When I travel to the USA, which has been at least 15 or so times over the last decade. I have been heartened and surprised by meeting so many Believers within the Latin-Rock community. Firstly; I recall Gabe Manzo and Tony Menjivar and I spent a great night at the top of the Mark Hopkins Hotel, which towers over downtown San Francisco. On the 19th floor, Gabe and Tony were doing a gig with Congas Y Guitarras . We got to talking and it was there I shared my testimony of coming to Christ and the subsequent changes after this life-changing event. Gabe and Tony were also involved in a CD release called Bueno (sponsored by Dr Bernie Gonzalez) that is a truly excellent piece of both Christian and Latino based music. I also remembered way back in 1999 after a Malo / Tierra gig in Ventura (just outside Los Angeles), being in my hotel room and the Word springing out at me (being “quickened” in spiritual parlance) from a Gideon’s Bible (as usually found in hotel rooms in the USA). I had driven down with Ron Sansoe from San Francisco and all these events, small as they may seem, were stepping stones and building blocks to my emerging faith. I have always liked the open and frank way these Americanmusicos have shared their belief and faith. It felt very freeing after the post-Christian society that is contemporary England, in which it almost politically incorrect to talk about Jesus Christ. Talk about New Age or Buddhism say, and people are OK with it; mention the Holy Name of Jesus and they shy away. There is something so challenging even about the name that people will baulk at even the mention of it.
This leads on to a review that follows Richard Spremich’s recent interview on this site. Breath, Spirit and Life is a tasty collection of Holy Spirit filled songs with a contemporary Latin, soul and funk feel.
The ten track CD opens with Christo and the horn charged intro leads to a deep Latin groove, infused with piano and a vocal that reminded me so much of Gabriel Manzo’s (Malo/Manzo/Bueno) vocals.
Heavily compressed vocals in the Salsa style give this tune an added urgency. The song sits in a nice medium paced groove. The tune enjoys both English and Spanish vocals. A nice cleantrompeta solo followed by trombone break lifts the song also. A crisp timbale break breaks up the songs feel for a few bars.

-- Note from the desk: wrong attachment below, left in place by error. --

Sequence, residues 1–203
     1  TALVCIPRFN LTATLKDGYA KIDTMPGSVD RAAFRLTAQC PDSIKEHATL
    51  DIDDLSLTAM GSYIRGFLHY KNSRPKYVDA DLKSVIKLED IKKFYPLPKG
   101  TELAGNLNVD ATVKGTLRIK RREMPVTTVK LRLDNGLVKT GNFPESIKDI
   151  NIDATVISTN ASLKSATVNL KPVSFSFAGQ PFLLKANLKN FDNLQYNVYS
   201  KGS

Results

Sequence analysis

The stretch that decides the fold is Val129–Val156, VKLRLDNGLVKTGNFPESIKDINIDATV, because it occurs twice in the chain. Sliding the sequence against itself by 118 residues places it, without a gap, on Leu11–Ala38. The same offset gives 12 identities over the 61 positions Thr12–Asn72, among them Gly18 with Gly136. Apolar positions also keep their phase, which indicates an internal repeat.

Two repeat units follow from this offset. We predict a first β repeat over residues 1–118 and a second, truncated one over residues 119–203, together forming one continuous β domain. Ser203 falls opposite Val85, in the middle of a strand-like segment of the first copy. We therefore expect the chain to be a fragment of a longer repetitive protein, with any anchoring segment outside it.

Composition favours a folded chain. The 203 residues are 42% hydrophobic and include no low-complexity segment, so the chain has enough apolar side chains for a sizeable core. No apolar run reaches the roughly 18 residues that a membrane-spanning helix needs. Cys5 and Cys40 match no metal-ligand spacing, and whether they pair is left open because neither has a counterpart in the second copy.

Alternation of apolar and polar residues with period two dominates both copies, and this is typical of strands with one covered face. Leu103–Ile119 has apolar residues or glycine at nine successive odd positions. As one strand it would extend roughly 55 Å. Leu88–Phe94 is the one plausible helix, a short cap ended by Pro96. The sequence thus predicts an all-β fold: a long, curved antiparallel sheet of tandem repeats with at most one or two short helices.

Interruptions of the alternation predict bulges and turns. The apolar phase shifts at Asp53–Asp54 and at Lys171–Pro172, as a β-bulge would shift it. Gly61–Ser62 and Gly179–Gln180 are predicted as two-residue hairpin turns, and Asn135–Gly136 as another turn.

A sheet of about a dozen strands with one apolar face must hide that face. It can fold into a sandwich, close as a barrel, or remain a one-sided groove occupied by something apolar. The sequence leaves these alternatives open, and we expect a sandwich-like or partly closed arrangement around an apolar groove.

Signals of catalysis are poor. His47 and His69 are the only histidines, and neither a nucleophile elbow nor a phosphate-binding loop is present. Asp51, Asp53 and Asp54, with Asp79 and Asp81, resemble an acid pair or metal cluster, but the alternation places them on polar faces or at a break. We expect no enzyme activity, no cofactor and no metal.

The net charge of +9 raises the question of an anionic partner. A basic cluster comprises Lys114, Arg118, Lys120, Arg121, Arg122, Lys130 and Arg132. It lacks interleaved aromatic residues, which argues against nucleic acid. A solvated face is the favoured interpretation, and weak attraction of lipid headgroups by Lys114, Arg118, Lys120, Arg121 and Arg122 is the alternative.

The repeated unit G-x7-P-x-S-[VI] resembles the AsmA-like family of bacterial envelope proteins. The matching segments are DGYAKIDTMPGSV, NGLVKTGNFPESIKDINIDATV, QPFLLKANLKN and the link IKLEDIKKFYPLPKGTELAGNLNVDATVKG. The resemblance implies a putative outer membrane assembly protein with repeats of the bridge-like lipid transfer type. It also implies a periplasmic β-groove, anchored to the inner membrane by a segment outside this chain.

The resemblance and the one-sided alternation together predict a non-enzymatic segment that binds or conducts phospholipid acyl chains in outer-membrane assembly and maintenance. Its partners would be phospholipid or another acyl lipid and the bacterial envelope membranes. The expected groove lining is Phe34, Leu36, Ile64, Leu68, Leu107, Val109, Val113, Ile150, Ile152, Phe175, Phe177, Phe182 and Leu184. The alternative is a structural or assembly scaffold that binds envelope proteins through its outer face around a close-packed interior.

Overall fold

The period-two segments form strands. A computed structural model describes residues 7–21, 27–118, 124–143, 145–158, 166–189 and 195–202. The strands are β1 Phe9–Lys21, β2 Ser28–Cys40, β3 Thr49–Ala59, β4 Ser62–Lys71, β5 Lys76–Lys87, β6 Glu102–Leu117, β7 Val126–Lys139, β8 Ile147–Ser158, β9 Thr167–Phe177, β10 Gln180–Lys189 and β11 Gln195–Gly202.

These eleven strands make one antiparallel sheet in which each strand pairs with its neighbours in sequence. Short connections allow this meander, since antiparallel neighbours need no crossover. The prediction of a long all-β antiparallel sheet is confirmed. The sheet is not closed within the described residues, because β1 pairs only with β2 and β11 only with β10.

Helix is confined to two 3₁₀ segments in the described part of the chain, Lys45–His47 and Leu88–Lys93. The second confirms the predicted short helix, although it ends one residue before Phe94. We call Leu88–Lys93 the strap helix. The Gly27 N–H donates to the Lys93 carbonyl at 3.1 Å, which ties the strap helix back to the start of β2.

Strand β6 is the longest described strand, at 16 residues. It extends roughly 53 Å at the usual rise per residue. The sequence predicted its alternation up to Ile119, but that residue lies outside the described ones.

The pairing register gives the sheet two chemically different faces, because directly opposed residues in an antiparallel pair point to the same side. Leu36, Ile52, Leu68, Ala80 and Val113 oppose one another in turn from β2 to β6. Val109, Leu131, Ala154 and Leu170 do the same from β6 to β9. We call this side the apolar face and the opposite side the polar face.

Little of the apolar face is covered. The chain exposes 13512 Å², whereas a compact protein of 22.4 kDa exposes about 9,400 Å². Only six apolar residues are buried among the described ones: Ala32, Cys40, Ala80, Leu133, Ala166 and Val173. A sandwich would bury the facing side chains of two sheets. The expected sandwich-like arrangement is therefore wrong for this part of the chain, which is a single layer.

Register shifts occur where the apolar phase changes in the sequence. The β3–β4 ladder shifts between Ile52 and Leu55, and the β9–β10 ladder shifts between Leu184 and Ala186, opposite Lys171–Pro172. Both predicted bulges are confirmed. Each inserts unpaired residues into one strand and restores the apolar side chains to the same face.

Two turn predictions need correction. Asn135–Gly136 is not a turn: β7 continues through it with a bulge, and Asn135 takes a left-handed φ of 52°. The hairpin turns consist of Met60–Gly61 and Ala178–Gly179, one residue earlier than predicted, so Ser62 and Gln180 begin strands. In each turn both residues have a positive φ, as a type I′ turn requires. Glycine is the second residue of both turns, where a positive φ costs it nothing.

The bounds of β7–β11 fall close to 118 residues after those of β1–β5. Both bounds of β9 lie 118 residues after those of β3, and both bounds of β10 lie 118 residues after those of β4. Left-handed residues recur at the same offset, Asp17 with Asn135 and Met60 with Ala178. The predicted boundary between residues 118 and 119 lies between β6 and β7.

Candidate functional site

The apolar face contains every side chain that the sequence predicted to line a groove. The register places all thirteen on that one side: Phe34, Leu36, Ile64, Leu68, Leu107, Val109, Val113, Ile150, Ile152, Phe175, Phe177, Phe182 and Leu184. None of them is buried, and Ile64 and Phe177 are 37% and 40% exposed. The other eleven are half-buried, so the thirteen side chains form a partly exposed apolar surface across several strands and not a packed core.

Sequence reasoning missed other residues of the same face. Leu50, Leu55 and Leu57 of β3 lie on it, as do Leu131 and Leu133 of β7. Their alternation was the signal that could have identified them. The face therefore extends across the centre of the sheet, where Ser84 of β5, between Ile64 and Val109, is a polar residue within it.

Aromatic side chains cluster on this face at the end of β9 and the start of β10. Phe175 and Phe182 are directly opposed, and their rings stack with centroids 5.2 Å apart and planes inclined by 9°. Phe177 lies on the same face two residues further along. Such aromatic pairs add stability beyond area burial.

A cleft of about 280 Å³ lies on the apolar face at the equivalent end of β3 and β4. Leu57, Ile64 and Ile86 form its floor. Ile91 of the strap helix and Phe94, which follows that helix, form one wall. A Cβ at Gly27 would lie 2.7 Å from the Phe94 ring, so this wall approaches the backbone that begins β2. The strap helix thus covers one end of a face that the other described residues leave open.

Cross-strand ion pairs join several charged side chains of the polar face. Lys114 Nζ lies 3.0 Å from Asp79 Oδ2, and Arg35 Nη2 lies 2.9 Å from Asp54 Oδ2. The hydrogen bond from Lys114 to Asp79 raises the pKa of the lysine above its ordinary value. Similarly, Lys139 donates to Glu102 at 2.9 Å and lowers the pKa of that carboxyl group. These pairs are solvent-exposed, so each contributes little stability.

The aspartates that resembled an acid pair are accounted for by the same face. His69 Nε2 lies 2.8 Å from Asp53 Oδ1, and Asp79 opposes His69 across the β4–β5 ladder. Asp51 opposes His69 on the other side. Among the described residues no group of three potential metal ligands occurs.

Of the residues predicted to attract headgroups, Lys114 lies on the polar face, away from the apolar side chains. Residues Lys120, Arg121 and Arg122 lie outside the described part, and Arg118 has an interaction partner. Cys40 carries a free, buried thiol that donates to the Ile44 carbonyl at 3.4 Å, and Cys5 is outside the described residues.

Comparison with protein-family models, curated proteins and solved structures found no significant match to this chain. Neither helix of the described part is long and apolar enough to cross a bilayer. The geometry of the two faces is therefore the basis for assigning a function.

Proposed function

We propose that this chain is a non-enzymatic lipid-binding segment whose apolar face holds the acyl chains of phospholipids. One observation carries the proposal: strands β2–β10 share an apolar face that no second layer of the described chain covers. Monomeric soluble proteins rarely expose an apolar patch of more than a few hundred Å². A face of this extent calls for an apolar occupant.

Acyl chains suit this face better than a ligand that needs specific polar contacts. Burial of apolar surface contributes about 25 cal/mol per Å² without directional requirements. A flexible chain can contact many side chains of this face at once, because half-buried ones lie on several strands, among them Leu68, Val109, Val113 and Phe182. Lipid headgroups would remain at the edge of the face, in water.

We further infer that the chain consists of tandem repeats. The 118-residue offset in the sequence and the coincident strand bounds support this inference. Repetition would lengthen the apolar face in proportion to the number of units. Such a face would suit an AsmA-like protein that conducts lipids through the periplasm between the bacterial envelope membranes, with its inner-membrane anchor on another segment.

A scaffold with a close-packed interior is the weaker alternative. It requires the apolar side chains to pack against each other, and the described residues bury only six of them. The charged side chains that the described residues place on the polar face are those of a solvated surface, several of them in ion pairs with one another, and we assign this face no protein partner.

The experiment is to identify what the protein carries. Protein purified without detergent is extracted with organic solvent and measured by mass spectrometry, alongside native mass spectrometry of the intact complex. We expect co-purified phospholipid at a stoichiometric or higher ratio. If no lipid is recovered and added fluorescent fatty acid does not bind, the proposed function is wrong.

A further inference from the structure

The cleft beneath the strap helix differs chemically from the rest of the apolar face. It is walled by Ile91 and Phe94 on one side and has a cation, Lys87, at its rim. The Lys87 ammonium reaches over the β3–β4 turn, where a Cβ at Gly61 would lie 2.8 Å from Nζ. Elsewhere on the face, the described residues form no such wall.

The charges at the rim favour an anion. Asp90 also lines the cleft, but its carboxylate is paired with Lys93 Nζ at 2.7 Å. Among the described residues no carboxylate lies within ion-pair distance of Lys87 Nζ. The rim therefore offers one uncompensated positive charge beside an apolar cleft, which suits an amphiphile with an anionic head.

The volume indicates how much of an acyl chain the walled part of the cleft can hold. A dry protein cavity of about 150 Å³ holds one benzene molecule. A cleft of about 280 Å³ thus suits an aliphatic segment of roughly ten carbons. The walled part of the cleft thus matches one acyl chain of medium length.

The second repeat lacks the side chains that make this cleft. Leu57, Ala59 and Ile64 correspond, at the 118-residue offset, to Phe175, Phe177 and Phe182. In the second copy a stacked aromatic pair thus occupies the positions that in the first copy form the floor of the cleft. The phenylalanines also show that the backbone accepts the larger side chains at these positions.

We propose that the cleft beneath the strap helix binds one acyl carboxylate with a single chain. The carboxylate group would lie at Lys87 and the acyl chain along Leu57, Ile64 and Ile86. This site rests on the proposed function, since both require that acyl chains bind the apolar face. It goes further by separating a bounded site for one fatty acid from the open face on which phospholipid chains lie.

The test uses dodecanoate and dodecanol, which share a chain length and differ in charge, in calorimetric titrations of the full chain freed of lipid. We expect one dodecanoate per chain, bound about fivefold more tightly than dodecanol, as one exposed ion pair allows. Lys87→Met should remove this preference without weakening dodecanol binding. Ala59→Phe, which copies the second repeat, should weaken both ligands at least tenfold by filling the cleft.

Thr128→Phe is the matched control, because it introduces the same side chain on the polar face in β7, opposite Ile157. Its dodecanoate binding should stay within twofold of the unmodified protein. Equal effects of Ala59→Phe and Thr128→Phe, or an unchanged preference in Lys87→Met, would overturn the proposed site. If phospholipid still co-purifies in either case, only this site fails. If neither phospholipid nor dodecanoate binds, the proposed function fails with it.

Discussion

The second track Yeshua is deliberately reminiscent of Suavecito with a nice timbale cascara rhythm. Sweet harmony vocals add a warm edge to the songs chorus. Again the horns are very well arranged. Not surprising as it also features original Malo horn man Roy Murray.
Another horn-led piece of funk is calledWe’re Beloved Of The Lord. The phat horn charts are reminiscent of the mighty Tower Of Power; a sultry vocal from Kimberlee Leber and Tony Martinez is down home and funkified. Spremich’s drumming is subtle but funky and deep in the pocket. It is nice to hear Spremich clearly as on the Malo albums I felt the trap kit buried a little in the sound mixes under the general percussive onslaught.
Fly Like An Eagle follows and sees Spremich in a deep grooving Latin vein. Rich employs an open syncopated groove, which opens up the tune and leaves a lot of space in the music. The music has an assured confidence and allows Luis Sanchez on Hammond B3 to open up and play a very tasty solo outing. Spremich chops and cuts at the rhythm using some very interesting drum fills to keep the groove percolating.
Tremble is a ballad with muted trumpet opening and an atmospheric production. The song softly breaks into a smooth double time lope towards the end replete with Fender Rhodes style piano rippling, again featuring Luis Sanchez.
Jesus In The House is a straight-ahead piece of joyous funk interjected with Albert Sandoval’s carousing guitar, while bringing a Biblical lesson for the people. Yahweh ensues and is
up tempo with a nice bass driven gospelly feel, it again hints at the early glories of Malo’s debut album, with unison harmony guitar lines and its unmistakable joyous West Coast feel. It also features a nice rumbling timbale and conga solo from Paulie Lopez.
Never Will I say Goodbye plays like a blues with Larry Nobel burning on a fervent guitar intro. Tony Martinez supplies a heart felt vocal.
Devil’s A Liar reminds very much of a sixties Stax recording in the vein of Sam and Dave or Otis Redding with its strong soul theme and vocals. Great horns bolster the funky soul vibe with nice drum fills by Rich Spremich. The vocals are nice and dry and it continues the cool production values of the recording.Fall In Love Again is a sweet soulful sound and ends this disc on a suitably spiritually uplifting mood. A song of ensuing hope and of spiritual liberation. It also features a beautiful Santana-esque guitar thematic.
This is a solid, soul-filled piece of work with respectful nods to Spremich’s former allegiance to the first Malo band. And a definitely special addition to both Believers and / or Latin lovers
Tags: Jim Mc Carthy, Jim McCarthy, Latin Rock, Malo, Voices of Latin Rock